The Five Stages of Moving

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We are moving.IMG_6354

And we are not just moving out of our apartment, but buying a house.  A home.

Somewhere there is a list of the top ten most stressful things in life, and moving always rates in the top five, right under death of a spouse, death of a child, and divorce.

It seems like it should be a happy and awesome thing.

But there it is, on that list of life’s greatest stresses.

I now understand why.

At first it seemed like an awesome dream.  I just couldn’t believe it was even a possibility, and then to have our dream house practically fall into our lap.

When I was younger, I used to fantasize about having a house to live in with a family, to decorate, to make my own, to fill with joy and love and whimsy.  Somewhere after grad school, in the midst of a crashing economy and crippling student loan debt, that dream started to fade.  Then I married an artist and got pregnant almost immediately.  I cut back on my hours at work while simultaneously taking on the debt of daycare.  And we had another child.  More debt.

We live in a part of the country where housing is very expensive.  Salaries have not grown much over the past decade, due to the economy.  But because my husband and I both have our families here, moving cross country is not an option that feels comfortable or happy for us.  So, we have tried to be content with what we have.

For the most part, we have done ok.

While our beautiful apartment was cozy, as the children grew it just became too small for us.  A home that was filled with love became filled with stress because we never had our own space.

It had gotten to the point I thought we would all live and die on top of one another in the small apartment.

Then I remembered my dream.  Why had I stopped dreaming? I wondered.  Then I wondered what it would be like to open myself just ever so slightly to that dream again of having a bigger space for my family.  My dream was quickly crushed when I looked at the prices for larger apartments in our area.

As fate, or karma, or luck would have it, I ran into a friend of mine who I had not seen for a long time.  In the decade since last seeing her, she had become a realtor.  I told her about my wish for a house.  “Aw, we can totally get you guys into a home!” she insisted.  She whipped out her mortgage calculator and quoted some prices.

My husband was dubious, because of his self-employed status, but he agreed to go to one of my friend’s open houses and hear her out.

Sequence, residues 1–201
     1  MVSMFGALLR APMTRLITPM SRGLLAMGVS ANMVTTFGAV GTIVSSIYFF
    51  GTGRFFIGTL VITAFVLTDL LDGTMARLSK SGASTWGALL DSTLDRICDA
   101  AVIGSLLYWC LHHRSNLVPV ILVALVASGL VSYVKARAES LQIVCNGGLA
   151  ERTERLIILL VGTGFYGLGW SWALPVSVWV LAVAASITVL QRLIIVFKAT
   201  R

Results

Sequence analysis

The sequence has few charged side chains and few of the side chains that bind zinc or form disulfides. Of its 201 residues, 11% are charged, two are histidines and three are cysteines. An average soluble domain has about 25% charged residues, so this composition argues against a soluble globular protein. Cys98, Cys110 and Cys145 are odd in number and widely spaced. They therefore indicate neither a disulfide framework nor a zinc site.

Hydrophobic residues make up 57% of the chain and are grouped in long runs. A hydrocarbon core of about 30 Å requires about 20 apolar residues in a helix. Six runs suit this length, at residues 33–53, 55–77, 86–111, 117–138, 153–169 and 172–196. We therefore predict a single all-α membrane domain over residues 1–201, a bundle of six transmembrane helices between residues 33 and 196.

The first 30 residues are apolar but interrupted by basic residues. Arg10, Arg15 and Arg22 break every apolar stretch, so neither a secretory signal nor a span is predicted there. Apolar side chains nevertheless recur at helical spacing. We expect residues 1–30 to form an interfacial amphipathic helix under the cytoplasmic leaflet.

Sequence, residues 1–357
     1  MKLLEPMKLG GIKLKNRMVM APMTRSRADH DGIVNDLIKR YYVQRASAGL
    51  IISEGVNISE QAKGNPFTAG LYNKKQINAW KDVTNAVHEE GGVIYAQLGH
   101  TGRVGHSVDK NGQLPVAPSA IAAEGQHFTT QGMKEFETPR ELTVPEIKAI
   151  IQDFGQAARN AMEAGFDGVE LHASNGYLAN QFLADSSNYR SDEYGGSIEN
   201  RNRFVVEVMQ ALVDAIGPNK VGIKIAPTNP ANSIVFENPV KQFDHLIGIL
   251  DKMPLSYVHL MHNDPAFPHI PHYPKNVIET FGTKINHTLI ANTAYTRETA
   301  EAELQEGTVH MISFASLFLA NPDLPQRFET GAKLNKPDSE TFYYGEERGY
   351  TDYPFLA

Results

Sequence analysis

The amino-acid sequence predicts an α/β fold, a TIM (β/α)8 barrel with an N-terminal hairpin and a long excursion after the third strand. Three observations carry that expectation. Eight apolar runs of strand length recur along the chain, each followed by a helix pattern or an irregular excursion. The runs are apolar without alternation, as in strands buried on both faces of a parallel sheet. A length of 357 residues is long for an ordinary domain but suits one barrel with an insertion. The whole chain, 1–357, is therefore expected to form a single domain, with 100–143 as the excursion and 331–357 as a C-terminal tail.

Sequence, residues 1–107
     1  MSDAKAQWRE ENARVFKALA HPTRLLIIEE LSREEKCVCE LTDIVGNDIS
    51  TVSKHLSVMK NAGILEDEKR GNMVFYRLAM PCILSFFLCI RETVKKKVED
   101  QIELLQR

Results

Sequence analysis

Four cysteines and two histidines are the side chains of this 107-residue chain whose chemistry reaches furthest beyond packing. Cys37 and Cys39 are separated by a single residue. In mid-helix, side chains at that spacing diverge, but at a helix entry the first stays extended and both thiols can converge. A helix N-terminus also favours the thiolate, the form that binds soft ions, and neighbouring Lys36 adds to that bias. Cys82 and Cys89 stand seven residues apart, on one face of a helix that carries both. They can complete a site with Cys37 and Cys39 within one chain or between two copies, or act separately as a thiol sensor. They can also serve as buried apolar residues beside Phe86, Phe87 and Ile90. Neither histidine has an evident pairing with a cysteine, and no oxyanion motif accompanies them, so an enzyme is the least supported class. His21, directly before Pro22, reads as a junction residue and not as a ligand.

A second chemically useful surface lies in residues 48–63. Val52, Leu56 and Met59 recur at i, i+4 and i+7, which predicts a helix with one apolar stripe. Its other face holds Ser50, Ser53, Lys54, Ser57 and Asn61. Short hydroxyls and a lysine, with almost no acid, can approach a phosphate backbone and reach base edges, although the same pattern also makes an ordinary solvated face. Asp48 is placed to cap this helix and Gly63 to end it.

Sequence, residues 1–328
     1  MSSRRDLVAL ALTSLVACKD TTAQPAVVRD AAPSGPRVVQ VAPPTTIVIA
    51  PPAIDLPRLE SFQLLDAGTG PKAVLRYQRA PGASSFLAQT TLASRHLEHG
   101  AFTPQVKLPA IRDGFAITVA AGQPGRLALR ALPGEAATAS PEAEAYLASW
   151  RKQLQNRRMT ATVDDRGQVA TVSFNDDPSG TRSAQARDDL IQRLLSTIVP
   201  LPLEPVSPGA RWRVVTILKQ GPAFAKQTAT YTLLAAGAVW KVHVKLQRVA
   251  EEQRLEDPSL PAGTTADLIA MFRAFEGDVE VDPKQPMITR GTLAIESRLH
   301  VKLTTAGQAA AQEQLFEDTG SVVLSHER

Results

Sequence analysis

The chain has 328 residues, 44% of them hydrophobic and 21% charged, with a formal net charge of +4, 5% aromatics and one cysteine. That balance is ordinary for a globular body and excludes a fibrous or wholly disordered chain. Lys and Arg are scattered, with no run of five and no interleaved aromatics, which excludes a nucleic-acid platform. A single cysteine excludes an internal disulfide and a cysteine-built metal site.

We applied to be pre-approved for a mortgage.  During the two weeks we waited while underwriters (and yes, I learned what an “underwriter” is in this process) reviewed our numbers, we looked at houses online.  My friend sent us a bunch of addresses and told us to drive by a few and see if we could picture ourselves living there.  We very  much wanted to stay in our neighborhood, ideally not having our son change schools.

I fell in love with the first house I drove past.  It was a grey bungalo-style home on a double-corner lot and the very end of a quiet street.  I looked at the pictures online and was charmed by the hardwood floors, modern kitchen, and huge upstairs where my husband and I could make a master suite.  We finally got our pre approval and went to see the house the next day.

I just had a gut feeling about this house.  It was the only house we looked at.  We made an offer.  The sellers countered and we accepted.  We put down a deposit and scheduled an inspection.

For days I had butterflies in my stomach.  I could not settle at night, thinking about the rooms, about where I would put stuff on the shelves in the kitchen, about how I wanted to paint the bedrooms.  I thought about packing and moving and cleaning.  I became so anxious about all of these things, I found myself paralyzed by it, unable to do anything about anything because I was totally freaking myself out.

Then I realized, while hopeful and amazing, this move represents the end of a chapter for us.

I’ve always loved my apartment. I was a fiance, a newlywed, and a new mom in this apartment.  I love the windows that look out on the bay.  I love the little yard where my children have spent hours playing in the sand box and paddling pool.  I love the mantle where we display family pictures.  I even love that when we vacuum the living room floor we can still smell just a hint of a doggy smell, left behind by my treasured canine who passed over the Rainbow Bridge three years ago.